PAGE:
Consumer Choice on Savings Accounts: Bounded rationality

Saumya Vinayak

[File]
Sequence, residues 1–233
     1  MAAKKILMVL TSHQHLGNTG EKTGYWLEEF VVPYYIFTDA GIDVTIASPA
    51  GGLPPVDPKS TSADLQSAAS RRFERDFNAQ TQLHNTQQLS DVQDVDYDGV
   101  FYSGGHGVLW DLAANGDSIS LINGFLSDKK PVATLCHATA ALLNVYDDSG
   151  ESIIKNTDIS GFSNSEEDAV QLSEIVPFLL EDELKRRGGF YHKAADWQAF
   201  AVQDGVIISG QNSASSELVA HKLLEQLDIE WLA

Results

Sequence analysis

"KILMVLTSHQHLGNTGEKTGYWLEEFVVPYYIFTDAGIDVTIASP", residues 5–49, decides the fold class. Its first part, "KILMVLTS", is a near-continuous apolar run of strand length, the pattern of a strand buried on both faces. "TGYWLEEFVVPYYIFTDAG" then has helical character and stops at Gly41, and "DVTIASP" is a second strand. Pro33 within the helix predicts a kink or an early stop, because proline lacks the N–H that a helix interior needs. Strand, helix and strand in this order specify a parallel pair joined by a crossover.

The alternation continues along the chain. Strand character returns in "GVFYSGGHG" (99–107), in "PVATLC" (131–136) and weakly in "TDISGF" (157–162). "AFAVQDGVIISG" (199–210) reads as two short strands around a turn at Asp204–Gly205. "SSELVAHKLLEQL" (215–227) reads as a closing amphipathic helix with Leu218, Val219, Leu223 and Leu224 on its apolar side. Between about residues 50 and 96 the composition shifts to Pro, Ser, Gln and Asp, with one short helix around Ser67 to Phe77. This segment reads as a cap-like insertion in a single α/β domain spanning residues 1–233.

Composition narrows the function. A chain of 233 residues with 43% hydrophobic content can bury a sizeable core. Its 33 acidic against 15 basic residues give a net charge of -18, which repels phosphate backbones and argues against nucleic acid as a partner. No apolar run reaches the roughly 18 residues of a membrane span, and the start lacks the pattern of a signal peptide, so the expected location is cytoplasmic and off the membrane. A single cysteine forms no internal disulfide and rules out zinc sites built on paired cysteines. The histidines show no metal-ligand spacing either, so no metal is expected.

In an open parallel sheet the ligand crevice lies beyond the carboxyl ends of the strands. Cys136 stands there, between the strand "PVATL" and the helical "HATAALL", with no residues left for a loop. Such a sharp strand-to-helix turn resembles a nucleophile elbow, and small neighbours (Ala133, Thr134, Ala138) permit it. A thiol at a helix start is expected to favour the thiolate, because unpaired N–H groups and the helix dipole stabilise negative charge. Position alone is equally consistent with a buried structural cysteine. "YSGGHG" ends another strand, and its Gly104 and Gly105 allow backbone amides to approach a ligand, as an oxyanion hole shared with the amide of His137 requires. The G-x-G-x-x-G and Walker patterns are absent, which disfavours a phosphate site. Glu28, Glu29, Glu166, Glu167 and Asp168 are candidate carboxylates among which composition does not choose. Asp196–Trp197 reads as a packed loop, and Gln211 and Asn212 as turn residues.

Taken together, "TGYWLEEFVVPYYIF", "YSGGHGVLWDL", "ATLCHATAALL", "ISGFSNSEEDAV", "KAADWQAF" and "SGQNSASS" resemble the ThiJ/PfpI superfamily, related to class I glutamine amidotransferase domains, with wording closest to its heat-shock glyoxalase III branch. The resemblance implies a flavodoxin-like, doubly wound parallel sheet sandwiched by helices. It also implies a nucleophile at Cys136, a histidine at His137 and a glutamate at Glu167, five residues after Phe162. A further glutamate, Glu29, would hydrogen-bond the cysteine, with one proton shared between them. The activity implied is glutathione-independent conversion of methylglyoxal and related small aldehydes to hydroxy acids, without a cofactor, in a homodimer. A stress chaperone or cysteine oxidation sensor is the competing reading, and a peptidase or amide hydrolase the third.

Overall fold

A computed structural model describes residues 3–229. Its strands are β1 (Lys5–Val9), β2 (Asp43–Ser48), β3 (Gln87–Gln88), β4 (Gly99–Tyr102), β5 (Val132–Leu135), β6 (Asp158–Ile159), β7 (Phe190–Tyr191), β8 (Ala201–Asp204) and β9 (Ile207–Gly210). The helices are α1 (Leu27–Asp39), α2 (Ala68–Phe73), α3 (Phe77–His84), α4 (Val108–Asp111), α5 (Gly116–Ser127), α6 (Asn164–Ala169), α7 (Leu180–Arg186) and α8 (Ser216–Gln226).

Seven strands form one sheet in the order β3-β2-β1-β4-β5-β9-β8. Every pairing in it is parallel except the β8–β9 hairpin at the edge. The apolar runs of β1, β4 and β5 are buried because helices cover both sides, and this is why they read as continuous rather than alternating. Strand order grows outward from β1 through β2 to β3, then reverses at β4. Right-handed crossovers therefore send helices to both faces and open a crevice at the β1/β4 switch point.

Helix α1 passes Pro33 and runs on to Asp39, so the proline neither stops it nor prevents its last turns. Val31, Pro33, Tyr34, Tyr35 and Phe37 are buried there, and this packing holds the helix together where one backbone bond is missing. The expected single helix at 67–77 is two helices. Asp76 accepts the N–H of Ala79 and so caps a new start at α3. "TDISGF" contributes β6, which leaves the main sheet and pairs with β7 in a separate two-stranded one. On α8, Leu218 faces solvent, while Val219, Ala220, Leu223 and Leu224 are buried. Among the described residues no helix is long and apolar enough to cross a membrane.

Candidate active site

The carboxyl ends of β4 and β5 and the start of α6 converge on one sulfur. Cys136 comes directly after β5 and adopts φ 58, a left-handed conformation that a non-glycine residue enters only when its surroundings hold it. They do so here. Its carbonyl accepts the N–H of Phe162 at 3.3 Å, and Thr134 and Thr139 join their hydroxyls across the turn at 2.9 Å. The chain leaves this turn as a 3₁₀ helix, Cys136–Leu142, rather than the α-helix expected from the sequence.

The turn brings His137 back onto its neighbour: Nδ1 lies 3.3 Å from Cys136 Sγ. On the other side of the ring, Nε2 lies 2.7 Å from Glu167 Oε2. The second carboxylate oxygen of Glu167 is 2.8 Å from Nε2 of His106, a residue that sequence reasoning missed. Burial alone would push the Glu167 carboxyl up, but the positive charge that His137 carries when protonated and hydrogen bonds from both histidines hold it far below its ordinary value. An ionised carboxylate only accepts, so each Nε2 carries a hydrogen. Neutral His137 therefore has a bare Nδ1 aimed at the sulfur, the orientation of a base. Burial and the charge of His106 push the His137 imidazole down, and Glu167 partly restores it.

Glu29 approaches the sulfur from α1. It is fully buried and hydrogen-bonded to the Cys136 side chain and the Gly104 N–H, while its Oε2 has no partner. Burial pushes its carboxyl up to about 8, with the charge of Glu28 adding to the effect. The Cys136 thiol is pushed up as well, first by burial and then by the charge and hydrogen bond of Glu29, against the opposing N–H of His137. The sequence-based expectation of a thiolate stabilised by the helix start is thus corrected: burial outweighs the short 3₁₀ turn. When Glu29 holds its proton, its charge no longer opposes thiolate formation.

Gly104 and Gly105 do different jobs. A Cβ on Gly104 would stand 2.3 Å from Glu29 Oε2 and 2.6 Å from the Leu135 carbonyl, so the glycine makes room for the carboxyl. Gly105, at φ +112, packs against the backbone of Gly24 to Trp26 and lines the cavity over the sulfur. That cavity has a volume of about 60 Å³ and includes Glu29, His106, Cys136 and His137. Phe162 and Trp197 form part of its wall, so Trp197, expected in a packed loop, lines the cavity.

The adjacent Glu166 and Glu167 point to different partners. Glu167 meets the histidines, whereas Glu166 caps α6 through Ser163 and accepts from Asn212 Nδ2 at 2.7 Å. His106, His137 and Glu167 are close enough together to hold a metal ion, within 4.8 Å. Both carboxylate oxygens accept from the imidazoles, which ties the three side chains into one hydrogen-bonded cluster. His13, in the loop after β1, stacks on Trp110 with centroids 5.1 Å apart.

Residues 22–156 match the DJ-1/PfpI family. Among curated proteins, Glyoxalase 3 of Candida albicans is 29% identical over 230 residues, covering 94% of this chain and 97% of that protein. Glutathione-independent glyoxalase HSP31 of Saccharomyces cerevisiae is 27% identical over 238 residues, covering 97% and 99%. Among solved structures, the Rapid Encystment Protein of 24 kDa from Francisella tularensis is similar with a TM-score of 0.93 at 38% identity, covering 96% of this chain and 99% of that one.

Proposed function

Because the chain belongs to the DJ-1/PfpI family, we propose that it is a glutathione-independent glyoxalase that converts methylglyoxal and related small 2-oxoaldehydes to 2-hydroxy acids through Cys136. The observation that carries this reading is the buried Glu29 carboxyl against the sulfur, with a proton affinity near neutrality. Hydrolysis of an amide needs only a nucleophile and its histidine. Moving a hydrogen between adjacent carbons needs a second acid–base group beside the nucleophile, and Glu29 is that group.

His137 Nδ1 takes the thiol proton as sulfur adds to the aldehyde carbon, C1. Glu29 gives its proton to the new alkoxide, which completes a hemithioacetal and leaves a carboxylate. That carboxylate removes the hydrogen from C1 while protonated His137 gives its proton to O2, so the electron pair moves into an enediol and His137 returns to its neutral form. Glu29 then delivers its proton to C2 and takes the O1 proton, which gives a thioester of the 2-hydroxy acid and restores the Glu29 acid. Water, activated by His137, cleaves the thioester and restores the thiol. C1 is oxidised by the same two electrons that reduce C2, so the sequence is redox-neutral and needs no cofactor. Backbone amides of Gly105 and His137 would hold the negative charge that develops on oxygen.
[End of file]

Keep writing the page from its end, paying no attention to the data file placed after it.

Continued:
Given the falling returns in share markets and the comparative safety of savings accounts protected by the deposit insurance provided by the Australian Government, there was a significant surge in deposits made in savings ac counts. According to an article published in The Australian , Australian households deposited an estimated $38 billion into savings accounts over a period of six months ending on the 31 st of March, 2009. Among the various deposit-taking institutions, Westpac received the largest part of this growth. (Jimenez, 2009). Interestingly, there have been no major changes in the interest rates offered on savings accounts by the major banks recently. If the savings account market is examined , the first thing that one notices is the large number of options available to a prospective customer. There are more than fifty savings accounts on offer by various banks, building societies and credit unions. These include regular savings accounts, high interest savings accounts with more stringent conditions on deposits, withdrawals and usage and exclusively online savings accounts. Any given savings account product can have different combinations of attributes apart from the interest rate offered such as the minimum balance requirements, the minimum lock-in period, etc. For an average consumer who wants to open a savings account, there is a plethora of choices available. This paper considers how a typical consumer might make a choice among so many options and whether this choice is “right”.

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